I am keen to feature a guest post on you blog as it would do wonders for my portfolio. I realized it was time I stopped ghost-writing for others and built an online reputation for myself.
I have received three emails at work pitching stories using this exact (misspelled) phrasing. They are a scam. Or something. Some computer somewhere is churning out these emails and sending them to publishers, or a coach has given scores of would-be writers—fed up with a life of obscurity behind the ghost-writing curtain, desperate for the rush of fresh air in their lungs and the warmth of sunlight on their pale, damp skin—some very bad advice and a poorly written form letter. Continue reading ‘A gambler, a pool supplier, and a fashionista walk into a bar …’
I’m writing more about myself than I am comfortable with. I’m worried it shows a lack of imagination, or at least a lack of observation. Truth is, I’m starting all kinds of posts and not finishing them for weeks at a time. I’m slow. But I want them to be good!
Anyway, I take small comfort in a logical technicality. It doesn’t matter whether I write about myself or not. If I don’t write about myself, the name of this blog is clever. If I do write about myself, the name of this blog is ironic.
Knowing I’d want to jot down some ideas as I walked through the neighborhood to my bank today, I stopped in at Rite Aid to buy a cheap pen. I can’t remember the last time I bought a pen. Usually they’re just in a drawer or on my dresser. They just sort of accumulate, and you always have one somewhere.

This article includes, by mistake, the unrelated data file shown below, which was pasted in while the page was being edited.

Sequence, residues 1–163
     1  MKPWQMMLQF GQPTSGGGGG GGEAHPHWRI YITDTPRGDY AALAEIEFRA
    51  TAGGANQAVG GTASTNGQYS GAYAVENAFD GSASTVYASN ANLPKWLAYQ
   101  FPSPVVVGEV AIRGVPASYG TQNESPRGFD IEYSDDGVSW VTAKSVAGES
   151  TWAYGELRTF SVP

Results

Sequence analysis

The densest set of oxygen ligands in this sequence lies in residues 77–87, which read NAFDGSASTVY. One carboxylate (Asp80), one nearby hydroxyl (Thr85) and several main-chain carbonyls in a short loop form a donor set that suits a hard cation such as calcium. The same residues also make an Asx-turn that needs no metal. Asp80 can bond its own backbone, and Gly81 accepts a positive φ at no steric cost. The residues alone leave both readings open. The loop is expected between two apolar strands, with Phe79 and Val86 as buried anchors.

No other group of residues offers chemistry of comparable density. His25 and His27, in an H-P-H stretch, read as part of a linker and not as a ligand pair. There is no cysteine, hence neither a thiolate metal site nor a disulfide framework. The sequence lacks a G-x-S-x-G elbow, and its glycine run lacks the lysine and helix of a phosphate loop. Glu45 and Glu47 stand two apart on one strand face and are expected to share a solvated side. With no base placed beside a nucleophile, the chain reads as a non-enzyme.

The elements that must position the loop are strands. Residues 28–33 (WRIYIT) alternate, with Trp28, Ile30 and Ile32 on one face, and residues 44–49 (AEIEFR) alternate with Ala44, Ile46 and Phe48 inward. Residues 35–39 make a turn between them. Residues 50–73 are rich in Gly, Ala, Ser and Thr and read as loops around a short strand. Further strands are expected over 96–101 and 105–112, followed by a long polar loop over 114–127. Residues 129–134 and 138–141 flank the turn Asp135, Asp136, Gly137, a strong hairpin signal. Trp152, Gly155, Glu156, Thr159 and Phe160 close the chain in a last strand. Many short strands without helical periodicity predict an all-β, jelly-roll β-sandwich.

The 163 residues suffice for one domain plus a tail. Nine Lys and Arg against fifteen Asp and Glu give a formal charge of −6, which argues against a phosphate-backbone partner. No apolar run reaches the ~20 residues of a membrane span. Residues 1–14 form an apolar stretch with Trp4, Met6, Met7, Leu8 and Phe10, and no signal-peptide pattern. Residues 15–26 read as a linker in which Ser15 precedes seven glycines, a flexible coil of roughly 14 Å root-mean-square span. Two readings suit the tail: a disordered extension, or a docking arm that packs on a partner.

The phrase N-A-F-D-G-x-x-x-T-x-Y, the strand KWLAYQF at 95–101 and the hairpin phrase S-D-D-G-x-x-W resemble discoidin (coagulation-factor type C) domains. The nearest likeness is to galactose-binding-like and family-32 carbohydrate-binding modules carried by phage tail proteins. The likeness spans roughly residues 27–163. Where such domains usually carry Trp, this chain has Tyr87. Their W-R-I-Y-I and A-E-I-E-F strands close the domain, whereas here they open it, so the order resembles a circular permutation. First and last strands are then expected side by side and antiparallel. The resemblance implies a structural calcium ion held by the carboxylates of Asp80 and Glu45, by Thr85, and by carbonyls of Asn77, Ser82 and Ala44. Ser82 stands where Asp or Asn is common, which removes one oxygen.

Well, I was overwhelmed at Rite Aid. First, there are far too many choices! (Glad I wasn’t at Staples or Office Max.) And it’s next to impossible to buy a cheap pen — they’re all Space Age and far more complicated than the simple instrument I’m looking for. Or they come several to a pack. (Shoulda gone to Staples or Office Max.)
I grabbed one for $2.59 or something similarly stupid and ran to the check out counter.
It’s an interesting idea: What if Oprah grilled Bush like she did James Frey, the published liar. (By the way, if you publish a memoir and change — even embellish — a few things, I have no problem considering it non-fiction if you follow the example of such confessors as Augusten Burroughs, author of Dry and Running with Scissors, and at least tell us so at the beginning. Frey did not do this, ergo, “liar.”)
I always find these “what if” columns to be a bit silly and unhelpful in the end. Mind you, I’d rather Oprah grill Bush on his criminally irresponsible tax-cut schemes or his unrealistic expectations of the future of the American health care system. But that’s just me.
Nevermind what you think of her. I love the way Oprah wins no matter what she does. At first, she declines to slam Frey, instead taking that bizarre middle ground: The book is good and important and meaningful whether it’s non-fiction or not. And people coo and sigh and say, “She has such personal integrity.” (However, it must be noted, some of her biggest critics were fans of her show.)
Then she changes her mind and rips Frey a new one on her couch, on TV, in front of millions of housewives and unemployed gay waiters, and people coo and sigh and say, “She has such personal integrity.”
Her couch is truly a hot seat. What a crazy world that she is among the most powerful and feared in media and the American press corps is continually disrespected and emasculated by our government. Let’s send Oprah after Scott McClellan. I’d love to have seen her go after Ari Fleischer, too.